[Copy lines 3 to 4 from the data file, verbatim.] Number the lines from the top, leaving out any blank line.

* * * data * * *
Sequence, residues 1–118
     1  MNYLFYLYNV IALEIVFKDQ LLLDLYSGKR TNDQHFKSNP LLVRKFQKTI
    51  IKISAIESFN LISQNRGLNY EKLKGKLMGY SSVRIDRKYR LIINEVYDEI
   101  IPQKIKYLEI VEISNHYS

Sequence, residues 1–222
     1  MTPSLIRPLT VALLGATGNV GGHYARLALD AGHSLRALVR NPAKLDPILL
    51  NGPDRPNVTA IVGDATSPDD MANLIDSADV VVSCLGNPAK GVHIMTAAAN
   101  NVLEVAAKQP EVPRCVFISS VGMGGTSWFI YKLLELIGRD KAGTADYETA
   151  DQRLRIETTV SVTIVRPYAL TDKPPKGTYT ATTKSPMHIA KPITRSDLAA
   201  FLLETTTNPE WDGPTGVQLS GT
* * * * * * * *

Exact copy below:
    51  IKISAIESFN LISQNRGLNY EKLKGKLMGY SSVRIDRKYR LIINEVYDEI
   101  IPQKIKYLEI VEISNHYS